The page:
12. THE BEE: I learnt three things from the honey bee. The honey bee buzzes from flower to flower and nourishes its body, it sucks nectar a little at a time, without causing any flower to shrival. In the same way a muni should go to the houses of householders and obtain alms without obtrusiveness, content with whatever is given to him.
The bee gathers nectar from almost every flower. Similarly, a muni should study all scriptures, skilfully grasp their essence and adapt it in his search for the Self.
In addition to these two good qualities, the bees posses a ruinously foolish one. They make honey and hoard it for future use, but man plunders the whole stock after smoking them out and killing them. Instead of enjoying their hoarded wealth, they meet with ruin and death.
Similarly, a muni should not hoard food for the next day. He should eat at the house the food is obtained and proceed on his way.
13. THE ELEPHANT: Studying the life of an elephant. I learnt one thing. The elephant is a very strong and intelligent animal. Therefore it is very difficult to capture. Yet it often gets caught by man because of its lustfulness.
To capture an elephant, a pit is dug in the forest and covered with bamboo, mud and grass, so that it looks like ordinary ground. Then a decoy in the form of a female elephant is put on it, and the male elephant seeing the decoy mistakes it for a real elephant and lustfully rushes towards it. When it reaches the figure, the bamboo gives way, and the male elephant falls into the pit.
Seeing this, I came to the conclusion that one should stay away from women to avoid this trap.
Also when a he elephant follows she elephant, and another powerful elephant in rut sees them, it tries to drive away the other elephant and fights with it until either one dies. Seeing this, I concluded that the very thought of woman is dangerous.
This is true for women as it is for men.
14. THE HONEY-THIEF: Listen to this lesson I learnt from the honey-thief.
Bees build a hive with much effort. The honey-thief contrives to smoke out hte bees and steal the honey. Thus the strong rob the weak of their wealth. Just or unjust, this is the way of the world.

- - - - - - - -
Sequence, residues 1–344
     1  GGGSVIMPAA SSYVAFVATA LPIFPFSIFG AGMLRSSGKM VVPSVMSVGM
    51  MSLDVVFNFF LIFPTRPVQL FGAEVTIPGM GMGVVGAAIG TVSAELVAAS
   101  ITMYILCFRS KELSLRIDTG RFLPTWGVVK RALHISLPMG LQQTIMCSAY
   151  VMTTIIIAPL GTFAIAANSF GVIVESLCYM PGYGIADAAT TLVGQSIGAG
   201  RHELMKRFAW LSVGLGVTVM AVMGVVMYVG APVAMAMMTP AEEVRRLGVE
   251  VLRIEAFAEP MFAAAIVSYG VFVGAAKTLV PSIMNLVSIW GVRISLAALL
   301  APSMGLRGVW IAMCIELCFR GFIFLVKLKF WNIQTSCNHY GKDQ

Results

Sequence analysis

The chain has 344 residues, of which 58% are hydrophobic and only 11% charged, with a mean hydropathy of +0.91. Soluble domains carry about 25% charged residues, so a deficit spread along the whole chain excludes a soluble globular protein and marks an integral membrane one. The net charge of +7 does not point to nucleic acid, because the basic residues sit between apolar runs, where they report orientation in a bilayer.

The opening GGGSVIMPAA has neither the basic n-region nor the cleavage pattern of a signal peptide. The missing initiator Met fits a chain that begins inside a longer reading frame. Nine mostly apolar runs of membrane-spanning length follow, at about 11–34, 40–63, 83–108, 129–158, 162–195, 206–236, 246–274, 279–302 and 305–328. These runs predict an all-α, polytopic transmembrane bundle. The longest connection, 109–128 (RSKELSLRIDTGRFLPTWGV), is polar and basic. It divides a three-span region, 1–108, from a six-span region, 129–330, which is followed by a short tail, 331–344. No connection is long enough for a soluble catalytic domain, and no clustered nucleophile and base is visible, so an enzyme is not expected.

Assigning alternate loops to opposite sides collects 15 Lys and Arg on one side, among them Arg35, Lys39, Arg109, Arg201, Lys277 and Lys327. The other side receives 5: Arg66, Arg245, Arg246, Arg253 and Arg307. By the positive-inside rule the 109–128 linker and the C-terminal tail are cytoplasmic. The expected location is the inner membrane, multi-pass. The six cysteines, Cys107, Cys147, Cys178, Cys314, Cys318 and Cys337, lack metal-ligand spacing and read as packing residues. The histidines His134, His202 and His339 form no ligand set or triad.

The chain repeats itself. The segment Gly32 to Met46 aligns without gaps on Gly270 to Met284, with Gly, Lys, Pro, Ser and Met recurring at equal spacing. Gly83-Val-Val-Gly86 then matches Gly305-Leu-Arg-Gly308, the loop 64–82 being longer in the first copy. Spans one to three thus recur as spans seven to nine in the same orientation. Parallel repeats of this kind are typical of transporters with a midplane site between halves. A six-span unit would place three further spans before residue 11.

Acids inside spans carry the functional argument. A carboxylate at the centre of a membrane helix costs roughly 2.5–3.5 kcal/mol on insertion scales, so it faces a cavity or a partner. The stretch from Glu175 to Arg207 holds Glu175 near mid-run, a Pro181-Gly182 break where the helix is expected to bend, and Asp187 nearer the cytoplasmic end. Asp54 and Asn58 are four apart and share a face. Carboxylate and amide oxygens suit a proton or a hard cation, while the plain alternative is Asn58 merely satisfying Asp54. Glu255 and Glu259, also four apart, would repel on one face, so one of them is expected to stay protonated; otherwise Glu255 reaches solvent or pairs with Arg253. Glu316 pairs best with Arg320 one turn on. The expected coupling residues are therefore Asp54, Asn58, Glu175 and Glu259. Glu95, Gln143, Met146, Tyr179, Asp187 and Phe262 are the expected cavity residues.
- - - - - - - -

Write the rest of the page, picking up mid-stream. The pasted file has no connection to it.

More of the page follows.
Therefore I learnt from the honey-thief that if a person is stingy and hides his wealth without himself enjoying it or allowing others to share it, he risks being robbed by someone.
15. THE DEER: Deer bring to mind innocence and gentleness. Their swiftness in running is remarkable, and yet, due to their intense love of music, they fall into the hands of the butcher. The hunter’s music makes them stand still and listen with closed eyes.
I gathered from this that if a hermit living in the forest were to sucumb to music and dance, his fall would be a certainty.
Was it not because he was charmed by music and dance that Muni Rushyasringa fell into the snares of a dancing girl? Therefore, I learnt from the deer not to be beguiled by music or dancing.
16. THE FISH: O Yadu, know that of all the sense-organs, the tongue is like a invisible thief. Munis observe severe penance, remaining without food, and gain control over all the senses, and yet they cannot control the tongue. It appears as if it can be controlled easily, but therein lies its deception. Until the tongue is controlled, conquest of the sense organs is not complete. If the tongue is neglected, ruin can hardly be avoided.
Look at the fish. It has no defect expect the fickleness of its tongue. It is this uncontrolled tongue that makes it the prey of the fishermen’s hook. Thus observing the Fish, I have grasped the importance of controlling and conquering the tongue.
17. THE HARLOT NAMED PINGALA: Pingala is a harlot, and I have learnt from her also. I shall now narrate that story to you.